© J.N. Urbanski
After informal discussions amongst neighbors, I’ve gleaned that the cabin fever or winter blues hit a high this past winter. During a chance encounter with an acquaintance, I was asked: “how did you survive winter?”, to which I replied, “barely”. Although, most agreed that the weather wasn’t as bad as the year before. To be honest though, cabin fever aside, happiness seems to be quite rare these days. Last year, I was surprised when at a social group in NYC, as 20-plus ladies sat around in a circle, I asked how many of them were on anti-depressants and they all raised their hands. I don’t know if it’s because I’m a journalist or if people are being more honest lately, but in my experience, we’re opening up about anxiety. There’s a lot of be anxious about; the proposed revival of the coal industry is one of them. (Coal, really? Are we in Victorian England?) In my experience, the winter blues and bouts of cabin fever have been held at arm’s length by writing, reading, diet and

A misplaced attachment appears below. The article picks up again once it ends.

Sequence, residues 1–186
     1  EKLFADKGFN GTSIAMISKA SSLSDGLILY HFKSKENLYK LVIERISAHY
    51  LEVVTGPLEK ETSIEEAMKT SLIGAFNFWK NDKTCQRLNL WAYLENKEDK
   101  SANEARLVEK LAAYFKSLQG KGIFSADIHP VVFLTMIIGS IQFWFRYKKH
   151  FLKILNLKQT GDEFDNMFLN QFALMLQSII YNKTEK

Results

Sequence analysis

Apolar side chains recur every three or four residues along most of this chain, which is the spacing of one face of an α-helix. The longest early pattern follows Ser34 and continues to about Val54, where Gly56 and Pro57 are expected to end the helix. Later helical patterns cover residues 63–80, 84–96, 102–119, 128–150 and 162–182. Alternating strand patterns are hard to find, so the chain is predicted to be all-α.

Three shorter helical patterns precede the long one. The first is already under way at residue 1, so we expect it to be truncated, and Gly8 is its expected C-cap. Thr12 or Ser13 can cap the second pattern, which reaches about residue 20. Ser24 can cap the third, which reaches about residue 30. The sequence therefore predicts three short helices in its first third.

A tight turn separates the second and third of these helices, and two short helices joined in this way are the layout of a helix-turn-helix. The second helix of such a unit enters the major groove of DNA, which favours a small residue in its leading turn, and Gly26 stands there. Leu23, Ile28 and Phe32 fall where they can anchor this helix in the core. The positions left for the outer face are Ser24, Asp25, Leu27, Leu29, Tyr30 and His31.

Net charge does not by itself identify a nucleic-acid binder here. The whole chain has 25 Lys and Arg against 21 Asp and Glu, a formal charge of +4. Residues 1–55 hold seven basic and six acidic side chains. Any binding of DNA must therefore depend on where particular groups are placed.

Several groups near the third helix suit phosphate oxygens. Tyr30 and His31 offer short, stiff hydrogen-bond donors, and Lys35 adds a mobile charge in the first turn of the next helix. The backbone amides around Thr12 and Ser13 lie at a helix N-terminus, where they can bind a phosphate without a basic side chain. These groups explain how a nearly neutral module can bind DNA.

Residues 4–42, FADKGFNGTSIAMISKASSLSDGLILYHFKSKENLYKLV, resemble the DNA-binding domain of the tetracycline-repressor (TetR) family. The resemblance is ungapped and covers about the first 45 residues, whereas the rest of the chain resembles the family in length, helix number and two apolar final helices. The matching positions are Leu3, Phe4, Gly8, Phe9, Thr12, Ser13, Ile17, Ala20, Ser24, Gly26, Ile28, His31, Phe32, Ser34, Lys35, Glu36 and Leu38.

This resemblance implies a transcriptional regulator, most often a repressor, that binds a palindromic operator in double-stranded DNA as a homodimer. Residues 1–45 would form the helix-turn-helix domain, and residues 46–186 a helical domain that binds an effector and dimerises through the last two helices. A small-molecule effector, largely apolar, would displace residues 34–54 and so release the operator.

lots of booze exercise (and the latest research, below, seems to indicate that what you eat affects your mental health). Even if you’re not a writer, a ToDO list or a journal can help enormously. As a writer, one has to get used to solitude, but spring is on the way, the buds are on the trees and after last night’s rain there might be mushrooms. There are definitely ramps in the valleys.
Here are some links on the latest news on health and exercise from some respected media outlets and some tips on writing:
On the benefits of solitude from The Atlantic and how to be alone from Brain Pickings.
More research into how gut bacteria can affect our minds as well as our bodies. A study suggests that eating probiotics like yoghurt relieves anxiety. The book Gulp by Mary Roach and foods to restore our gut bacteria from The Scientific American.
Interval training benefits the aging body. It’s never too late to start exercising. Links to some remarkable interval training DVDs from Jillian Michaels.
How perfectionism kills creativity from Anne Lamott.
Zadie Smith’s 10 Rules of Writing. “Resign yourself to the lifelong sadness that comes from never being satisfied.”
And for fun:
How one writer tried to stop complaining.
How one writer said yes to everything, including crossfit, and ended up in the hospital, from Vice.